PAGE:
General Assembly raises the minimum wage

ANNAPOLIS — Last week, the Maryland legislature took a major step to help working families across Maryland by voting to raise the minimum wage in Maryland to $15 by Jan. 1, 2025. Small businesses with 14 or fewer employees will be permitted to wait until July 1, 2026 to establish the full $15 wage.


“The Maryland legislature recognized that we need to do better by working families in Maryland and raise the wage floor,” said Ricarra Jones of the Fight for $15 Coalition. “We are thrilled Maryland is joining other states that are fighting for fair pay so that hard-working residents don’t have to continue to struggle to support their children while working several jobs. We hope Governor Hogan does not turn his back on the working class and signs this bill.”


Sponsored by Delegate Diana M. Fennell (D-Prince George’s), the bill passed the Maryland House of Delegates with a 93-41 vote. The Maryland Senate voted 32-13 to pass the final version of the bill (SB 280), which was sponsored by Senator Cory McCray (D-Baltimore City).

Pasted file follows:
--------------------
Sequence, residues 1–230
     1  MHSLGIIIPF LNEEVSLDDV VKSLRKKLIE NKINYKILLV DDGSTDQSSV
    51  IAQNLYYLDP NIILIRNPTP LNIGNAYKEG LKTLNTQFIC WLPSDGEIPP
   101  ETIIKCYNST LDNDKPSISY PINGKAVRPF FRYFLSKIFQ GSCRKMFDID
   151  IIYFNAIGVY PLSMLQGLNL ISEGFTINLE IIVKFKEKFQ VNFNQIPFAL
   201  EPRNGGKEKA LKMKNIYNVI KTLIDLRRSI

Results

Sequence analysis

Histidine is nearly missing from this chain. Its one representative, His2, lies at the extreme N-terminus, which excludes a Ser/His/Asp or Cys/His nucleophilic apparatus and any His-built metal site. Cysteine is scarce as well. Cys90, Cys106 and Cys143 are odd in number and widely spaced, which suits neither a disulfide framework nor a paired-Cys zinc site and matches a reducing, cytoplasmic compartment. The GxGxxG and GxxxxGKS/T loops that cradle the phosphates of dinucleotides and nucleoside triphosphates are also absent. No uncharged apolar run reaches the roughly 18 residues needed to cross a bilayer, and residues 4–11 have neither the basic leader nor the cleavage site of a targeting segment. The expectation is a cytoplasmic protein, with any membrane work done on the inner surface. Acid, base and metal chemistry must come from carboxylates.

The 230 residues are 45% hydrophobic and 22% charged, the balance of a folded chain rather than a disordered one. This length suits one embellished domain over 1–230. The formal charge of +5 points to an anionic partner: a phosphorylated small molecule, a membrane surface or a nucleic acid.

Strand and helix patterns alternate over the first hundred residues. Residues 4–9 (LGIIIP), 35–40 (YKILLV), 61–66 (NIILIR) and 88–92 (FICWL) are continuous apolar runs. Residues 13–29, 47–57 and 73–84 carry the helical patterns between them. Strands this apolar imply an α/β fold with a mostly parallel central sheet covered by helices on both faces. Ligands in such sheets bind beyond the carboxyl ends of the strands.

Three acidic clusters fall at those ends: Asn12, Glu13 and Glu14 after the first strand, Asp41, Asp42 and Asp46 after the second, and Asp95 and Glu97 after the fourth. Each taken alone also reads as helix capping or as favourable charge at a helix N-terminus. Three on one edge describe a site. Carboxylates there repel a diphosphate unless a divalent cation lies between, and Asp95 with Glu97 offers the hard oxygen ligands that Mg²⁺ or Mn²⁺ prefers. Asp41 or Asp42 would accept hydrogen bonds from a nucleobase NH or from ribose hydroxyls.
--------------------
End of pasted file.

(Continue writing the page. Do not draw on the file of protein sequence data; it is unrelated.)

The legislation now goes to Governor Larry Hogan’s desk. Recently, Governor Hogan has criticized the bill, but has not said he will veto it. Since the legislation will reach him at least six days before Sine Die, he is required to act on it in time for the General Assembly to override a potential veto this session. The House and Senate passed their versions of the legislation by veto-proof majorities.


Advocates say the bill will help working families in Maryland, especially those led by women of color, meet their basic needs and their kids’ needs and will address historical racial and gender pay gaps.


“This bill will invest in families and help lower crime rates and build up our communities,” said Lisa Williams, a Maryland worker from Baltimore.


According to the Maryland Center on Economic Policy, 90 percent of affected workers are at least 20 years old, and three out of five work full time. Workers who would benefit from a raise in the minimum wage include one in four Maryland working women, one in four Maryland workers of color and 23,000 veterans.

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